By Leith van Onselen Last week, Infrastructure Partnerships Australia CEO, Adrian Dwyer, accused the Turnbull Government of reducing infrastructure investment and called for an extra $7.5 billion in infrastructure spending over the next four years to offset a decline in such expenditure over the last decade: “The bottom line is the long-term 10-year trend has
The Australian Budget has a history of running small deficits and surpluses with occasional blowouts. Contemporary history has seen General Government net debt to GDP approach 20% under Labor in 1995 and the Coalition in 2017. In between, a Coalition government under Prime Minister John Howard and Treasurer Peter Costello ran surpluses sufficient to pay net debt down to zero during Australia’s mining boom.
Ratings agencies have adjusted the sovereign credit rating over time to reflect this ebbing and flowing of debt. In 1975, Standard and Poors rated Australia AAA. By 1989 the rating had dropped two notches to AA. It was subsequently upgraded again to AAA as the Howard Government operated consecutive surpluses.
The major vulnerability for the Australian Budget is the external imbalance in an economy that runs persistent current account deficits. Because Australian banks borrow so much money in international markets largely to fund domestic mortgages they are constantly at risk of international liquidity shocks.
The Australian Budget steps in with public guarantees to the banking system when this happens. Thus, although the Australian Budget has relatively low debt-to-GDP metrics, credit rating agencies demand that they remain that way to preserve the AAA rating as a backstop to bank borrowing.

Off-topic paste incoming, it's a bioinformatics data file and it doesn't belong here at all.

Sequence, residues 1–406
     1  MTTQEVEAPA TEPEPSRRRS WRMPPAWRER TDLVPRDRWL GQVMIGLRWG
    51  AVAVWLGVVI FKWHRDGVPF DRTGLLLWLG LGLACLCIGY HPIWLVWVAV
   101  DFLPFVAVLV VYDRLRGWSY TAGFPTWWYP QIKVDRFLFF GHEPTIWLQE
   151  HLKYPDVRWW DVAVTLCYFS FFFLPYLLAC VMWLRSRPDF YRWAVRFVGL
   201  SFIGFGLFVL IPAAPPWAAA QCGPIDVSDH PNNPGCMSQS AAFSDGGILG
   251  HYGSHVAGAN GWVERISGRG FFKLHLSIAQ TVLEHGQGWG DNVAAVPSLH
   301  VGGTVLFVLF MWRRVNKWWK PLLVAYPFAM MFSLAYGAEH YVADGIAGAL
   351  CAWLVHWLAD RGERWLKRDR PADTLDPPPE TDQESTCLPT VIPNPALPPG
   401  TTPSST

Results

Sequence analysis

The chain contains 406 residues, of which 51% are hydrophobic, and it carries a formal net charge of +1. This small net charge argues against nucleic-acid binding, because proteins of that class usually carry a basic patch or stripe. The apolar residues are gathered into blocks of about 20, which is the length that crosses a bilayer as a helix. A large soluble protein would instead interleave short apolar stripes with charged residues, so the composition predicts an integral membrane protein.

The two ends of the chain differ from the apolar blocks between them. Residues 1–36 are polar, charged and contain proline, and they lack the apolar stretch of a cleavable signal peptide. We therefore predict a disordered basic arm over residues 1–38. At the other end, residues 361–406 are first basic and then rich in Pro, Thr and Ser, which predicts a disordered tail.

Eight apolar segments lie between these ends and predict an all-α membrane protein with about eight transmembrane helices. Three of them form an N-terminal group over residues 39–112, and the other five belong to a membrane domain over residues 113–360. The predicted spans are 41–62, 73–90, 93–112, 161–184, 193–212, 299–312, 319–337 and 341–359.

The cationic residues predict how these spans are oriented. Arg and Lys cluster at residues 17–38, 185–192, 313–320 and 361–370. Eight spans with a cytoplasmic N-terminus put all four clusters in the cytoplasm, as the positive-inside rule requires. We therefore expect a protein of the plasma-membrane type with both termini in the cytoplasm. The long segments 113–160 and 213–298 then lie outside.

Australian politics insists that Australia sustain budget surpluses ostensibly because it is equated with good economic management. In truth, the surplus is simply a figment of the property bubble at the heart of the Australian economy that requires the support of the tax-payer to persist. The Australian Budget is the key stone in the Australian credit arch.
In recent years the Australian Budget has deteriorated as the structure of the economy has left is denuded of growth sources. As the mining booms passed and the enormous household debt (186% of GDP) stalled consumption and investment, fiscal deficits became a key component in GDP growth.
As well, the disintegration of Australian political integrity associated with the end of the mining boom period doomed the Budget to successive regimes of neglect.
This very obviously undermined its role in the above system exposing Australia to deeper adjustments during future periods of global stress.
MacroBusiness covers all apposite data and wider analysis of these issues daily.